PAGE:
Pakistan’s army chief General Qamar Javed Bajwa has arrived in Kabul to attend a Chief of Defense Conference, the Afghan Ministry of Defence (MoD) confirmed on Tuesday.
The United States Central Command commander Joseph Votel, Commander Resolute Support Mission John Nicholson and Afghan Army Chief Mohammad Sharif Yaftali are also attending.
TOLOnews reported that at the meeting, the army chiefs, representatives of the armies of central Asian countries, the Afghan government and NATO officials would discuss the fight against insurgency and also increasing of military cooperation between the countries, according to Afghan officials.
The conference comes less than a month after a series of deadly attacks rattled Kabul, following which a high-level delegation from Afghanistan comprising the interior minister and spy chief had visited Islamabad with a ‘personal message’ from President Ashraf Ghani.
The participation of Pakistan army chief also holds significance given that the despite Pak-Afghan delegations meeting for talks both in Kabul and Islamabad, little headway has been made on the Afghanistan-Pakistan Action Plan for Peace and Solidarity (APAPPS), which is a Pakistani initiative for cooperation in the areas of counter-terrorism and reduction of violence, peace and reconciliation, refugees’ repatriation and joint economic development.
On the sidelines of the meeting, army chiefs of Uzbekistan and Kazakhstan will meet with President Ashraf Ghani at the Presidential Palace and will discuss increasing of cooperation between these countries.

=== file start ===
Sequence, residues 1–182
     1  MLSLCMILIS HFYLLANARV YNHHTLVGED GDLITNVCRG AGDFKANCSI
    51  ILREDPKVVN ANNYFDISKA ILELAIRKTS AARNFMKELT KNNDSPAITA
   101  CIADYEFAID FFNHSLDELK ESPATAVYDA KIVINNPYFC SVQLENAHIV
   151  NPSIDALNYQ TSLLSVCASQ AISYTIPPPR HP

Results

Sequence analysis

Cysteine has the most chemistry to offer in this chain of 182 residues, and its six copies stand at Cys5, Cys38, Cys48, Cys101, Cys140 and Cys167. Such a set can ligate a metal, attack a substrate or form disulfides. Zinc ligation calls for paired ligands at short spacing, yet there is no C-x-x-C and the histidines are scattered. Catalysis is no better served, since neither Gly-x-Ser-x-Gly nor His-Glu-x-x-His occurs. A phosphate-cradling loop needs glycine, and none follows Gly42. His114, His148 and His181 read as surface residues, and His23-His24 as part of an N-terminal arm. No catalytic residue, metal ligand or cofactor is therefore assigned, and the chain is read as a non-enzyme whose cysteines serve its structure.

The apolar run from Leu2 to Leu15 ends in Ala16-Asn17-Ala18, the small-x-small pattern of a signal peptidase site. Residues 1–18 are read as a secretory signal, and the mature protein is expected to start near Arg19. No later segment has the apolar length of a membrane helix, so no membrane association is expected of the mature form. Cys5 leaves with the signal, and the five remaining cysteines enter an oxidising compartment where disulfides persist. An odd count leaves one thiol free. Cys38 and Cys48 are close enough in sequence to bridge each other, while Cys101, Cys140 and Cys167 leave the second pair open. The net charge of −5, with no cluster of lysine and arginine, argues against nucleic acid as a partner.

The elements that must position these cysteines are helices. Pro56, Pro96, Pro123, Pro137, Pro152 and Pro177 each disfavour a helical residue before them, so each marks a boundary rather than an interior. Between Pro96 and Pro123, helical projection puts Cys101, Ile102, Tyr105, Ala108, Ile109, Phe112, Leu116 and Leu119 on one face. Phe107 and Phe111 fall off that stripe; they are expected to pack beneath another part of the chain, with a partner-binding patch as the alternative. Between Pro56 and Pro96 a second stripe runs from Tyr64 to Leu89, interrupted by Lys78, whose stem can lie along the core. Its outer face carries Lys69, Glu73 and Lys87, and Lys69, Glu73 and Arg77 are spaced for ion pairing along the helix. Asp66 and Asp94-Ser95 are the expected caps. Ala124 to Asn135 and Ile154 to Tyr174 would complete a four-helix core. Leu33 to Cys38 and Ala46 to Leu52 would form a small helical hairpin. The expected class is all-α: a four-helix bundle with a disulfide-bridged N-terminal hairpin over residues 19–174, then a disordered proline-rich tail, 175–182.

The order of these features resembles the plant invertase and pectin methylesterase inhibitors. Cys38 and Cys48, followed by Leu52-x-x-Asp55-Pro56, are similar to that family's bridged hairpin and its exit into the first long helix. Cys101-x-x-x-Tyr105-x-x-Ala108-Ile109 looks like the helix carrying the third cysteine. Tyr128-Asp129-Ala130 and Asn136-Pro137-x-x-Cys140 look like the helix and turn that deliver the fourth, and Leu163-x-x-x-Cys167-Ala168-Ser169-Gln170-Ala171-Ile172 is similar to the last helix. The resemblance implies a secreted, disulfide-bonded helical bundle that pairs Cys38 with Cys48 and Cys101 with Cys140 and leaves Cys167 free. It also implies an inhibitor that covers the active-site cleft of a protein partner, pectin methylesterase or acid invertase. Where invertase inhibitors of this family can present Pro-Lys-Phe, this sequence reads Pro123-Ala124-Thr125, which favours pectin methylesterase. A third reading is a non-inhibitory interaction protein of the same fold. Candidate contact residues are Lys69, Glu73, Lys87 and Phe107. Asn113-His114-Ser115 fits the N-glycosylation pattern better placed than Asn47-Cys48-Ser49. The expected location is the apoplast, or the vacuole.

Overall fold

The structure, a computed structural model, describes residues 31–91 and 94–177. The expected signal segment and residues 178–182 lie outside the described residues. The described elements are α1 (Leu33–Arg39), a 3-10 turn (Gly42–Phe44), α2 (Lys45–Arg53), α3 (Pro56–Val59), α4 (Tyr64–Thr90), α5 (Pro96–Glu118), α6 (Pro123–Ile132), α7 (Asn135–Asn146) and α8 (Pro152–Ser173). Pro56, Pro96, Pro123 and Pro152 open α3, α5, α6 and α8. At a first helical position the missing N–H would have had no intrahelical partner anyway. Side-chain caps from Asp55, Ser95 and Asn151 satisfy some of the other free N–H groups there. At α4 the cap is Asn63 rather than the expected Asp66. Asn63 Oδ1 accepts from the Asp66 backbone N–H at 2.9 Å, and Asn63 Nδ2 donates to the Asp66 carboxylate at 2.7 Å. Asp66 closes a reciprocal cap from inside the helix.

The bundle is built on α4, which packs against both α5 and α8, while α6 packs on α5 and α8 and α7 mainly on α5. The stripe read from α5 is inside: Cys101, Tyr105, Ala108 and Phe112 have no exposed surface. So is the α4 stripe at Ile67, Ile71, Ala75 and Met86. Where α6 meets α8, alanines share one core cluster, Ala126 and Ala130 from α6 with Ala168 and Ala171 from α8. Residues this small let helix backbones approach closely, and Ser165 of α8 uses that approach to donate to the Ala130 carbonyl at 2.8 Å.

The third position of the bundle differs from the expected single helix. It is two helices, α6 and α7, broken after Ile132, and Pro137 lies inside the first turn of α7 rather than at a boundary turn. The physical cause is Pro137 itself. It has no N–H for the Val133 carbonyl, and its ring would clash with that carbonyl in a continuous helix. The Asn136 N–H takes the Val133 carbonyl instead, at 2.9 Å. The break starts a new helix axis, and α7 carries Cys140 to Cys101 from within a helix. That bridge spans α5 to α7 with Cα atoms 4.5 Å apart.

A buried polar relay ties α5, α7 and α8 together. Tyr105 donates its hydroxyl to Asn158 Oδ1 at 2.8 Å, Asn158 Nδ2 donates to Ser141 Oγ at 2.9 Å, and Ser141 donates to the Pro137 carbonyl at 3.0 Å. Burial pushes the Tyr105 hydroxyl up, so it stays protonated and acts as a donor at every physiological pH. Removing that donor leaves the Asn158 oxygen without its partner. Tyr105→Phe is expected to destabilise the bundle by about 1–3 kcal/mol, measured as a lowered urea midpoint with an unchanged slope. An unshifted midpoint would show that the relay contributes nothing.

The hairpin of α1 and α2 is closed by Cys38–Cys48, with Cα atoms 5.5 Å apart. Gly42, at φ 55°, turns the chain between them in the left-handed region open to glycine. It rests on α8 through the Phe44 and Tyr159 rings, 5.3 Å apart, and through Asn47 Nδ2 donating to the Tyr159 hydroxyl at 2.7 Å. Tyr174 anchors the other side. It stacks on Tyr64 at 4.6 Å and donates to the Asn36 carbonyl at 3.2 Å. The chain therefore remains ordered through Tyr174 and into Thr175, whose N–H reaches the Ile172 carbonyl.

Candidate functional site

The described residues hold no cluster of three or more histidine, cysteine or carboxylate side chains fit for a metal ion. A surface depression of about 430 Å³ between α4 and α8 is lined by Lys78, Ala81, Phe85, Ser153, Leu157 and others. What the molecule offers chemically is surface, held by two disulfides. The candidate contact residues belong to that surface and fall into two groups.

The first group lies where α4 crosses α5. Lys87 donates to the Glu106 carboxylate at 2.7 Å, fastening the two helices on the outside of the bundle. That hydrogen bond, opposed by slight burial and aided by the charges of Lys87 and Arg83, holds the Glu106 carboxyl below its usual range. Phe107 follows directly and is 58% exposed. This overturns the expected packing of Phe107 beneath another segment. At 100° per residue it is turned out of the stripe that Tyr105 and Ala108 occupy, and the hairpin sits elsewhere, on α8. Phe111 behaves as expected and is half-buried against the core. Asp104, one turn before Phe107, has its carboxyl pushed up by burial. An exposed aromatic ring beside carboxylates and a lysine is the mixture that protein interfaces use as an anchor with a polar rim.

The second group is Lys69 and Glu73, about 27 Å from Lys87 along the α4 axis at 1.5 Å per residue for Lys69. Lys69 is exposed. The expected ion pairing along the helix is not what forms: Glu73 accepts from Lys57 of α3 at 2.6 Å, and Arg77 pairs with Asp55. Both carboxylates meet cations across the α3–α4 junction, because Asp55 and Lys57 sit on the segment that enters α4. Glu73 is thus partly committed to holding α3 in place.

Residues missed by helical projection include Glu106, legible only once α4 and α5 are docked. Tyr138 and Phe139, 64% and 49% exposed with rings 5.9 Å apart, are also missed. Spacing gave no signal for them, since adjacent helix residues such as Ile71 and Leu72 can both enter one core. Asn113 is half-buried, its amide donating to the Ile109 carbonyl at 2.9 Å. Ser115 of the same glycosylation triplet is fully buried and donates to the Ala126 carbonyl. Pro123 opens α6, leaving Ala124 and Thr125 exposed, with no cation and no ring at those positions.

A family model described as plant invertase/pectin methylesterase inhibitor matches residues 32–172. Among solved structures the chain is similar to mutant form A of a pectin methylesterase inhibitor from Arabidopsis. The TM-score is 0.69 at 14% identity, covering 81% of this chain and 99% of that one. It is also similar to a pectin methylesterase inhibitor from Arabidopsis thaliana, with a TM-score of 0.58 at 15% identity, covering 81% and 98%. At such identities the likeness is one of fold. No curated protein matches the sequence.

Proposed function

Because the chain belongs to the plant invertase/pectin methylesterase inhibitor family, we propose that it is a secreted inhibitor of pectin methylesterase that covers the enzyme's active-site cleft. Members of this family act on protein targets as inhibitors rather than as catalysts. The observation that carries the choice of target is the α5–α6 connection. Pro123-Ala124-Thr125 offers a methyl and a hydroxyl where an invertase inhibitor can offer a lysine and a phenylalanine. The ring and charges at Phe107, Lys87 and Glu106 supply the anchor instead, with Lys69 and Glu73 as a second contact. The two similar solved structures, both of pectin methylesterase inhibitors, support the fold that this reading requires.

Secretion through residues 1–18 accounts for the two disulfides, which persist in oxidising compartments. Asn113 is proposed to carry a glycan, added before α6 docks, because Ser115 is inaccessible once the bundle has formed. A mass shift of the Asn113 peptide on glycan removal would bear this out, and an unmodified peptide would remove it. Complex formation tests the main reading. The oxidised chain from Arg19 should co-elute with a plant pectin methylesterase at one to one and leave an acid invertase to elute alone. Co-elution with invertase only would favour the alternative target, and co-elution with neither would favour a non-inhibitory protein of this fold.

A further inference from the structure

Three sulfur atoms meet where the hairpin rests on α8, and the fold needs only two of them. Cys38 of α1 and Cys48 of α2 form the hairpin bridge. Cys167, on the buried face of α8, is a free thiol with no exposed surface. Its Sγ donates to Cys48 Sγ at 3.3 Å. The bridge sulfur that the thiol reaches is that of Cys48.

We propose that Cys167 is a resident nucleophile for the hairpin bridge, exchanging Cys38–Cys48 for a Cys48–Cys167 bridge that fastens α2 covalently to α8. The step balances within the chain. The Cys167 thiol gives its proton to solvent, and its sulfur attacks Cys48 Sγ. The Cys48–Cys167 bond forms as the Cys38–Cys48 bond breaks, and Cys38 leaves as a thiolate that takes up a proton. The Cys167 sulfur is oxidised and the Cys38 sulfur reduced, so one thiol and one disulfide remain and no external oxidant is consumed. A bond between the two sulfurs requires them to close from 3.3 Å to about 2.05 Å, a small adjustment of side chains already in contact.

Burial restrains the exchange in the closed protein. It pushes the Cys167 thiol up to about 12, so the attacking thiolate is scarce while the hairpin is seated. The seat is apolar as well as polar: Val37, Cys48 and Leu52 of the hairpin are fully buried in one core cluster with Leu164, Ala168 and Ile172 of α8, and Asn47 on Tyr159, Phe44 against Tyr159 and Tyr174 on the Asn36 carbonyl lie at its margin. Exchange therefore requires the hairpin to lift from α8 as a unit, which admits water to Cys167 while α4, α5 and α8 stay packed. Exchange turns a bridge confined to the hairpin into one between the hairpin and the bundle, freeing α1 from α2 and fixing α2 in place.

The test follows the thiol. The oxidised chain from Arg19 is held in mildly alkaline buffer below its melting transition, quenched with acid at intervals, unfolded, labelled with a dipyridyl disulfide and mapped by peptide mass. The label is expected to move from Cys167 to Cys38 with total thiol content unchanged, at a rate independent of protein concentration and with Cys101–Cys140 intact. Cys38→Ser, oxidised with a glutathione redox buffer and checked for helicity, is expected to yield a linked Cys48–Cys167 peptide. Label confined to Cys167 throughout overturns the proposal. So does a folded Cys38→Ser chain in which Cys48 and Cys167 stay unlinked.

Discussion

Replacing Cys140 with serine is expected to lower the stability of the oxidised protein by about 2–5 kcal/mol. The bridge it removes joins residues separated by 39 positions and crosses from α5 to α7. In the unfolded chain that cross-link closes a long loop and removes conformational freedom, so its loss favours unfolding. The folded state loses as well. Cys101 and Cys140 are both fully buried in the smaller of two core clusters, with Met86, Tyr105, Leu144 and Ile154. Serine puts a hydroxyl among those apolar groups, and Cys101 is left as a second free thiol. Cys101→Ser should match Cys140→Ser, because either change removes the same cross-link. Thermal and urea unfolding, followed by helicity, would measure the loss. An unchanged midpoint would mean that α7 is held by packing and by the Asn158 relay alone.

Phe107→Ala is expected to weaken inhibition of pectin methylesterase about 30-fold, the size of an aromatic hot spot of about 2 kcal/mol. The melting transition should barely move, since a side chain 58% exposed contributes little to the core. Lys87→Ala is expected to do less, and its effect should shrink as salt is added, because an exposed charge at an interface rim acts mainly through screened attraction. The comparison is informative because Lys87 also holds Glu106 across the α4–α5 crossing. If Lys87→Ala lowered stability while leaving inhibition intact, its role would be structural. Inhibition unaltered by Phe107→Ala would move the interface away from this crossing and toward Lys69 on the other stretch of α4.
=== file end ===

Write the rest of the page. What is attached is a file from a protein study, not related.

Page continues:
Recently, these central Asian countries indicated they would be willing to cooperate with Afghanistan in the peace process, the fight against insurgency and drug production and trafficking.
Uzbekistan and Kazakhstan have both in the past shown concern over insurgent activities in the north of Afghanistan. But NATO officials said they have started fighting insurgents in the north of Afghanistan.
The US military says it carried out a series of punishing bombings last weekend against Taliban militant camps that also support a separatist Chinese terror group.
US Air Force Maj. Gen. James Hecker said that his forces launched a record number of precision-guided munitions launched at one time from a B-52 bomber last week on Taliban hideouts in a region bordering China and Tajikistan.
The Afghan military said the camps in remote Badakhshan province supported Taliban operations within Afghanistan and by the East Turkestan Islamic Movement — set up by members of China’s minority Uighur community — on the border region with China and Tajikistan.
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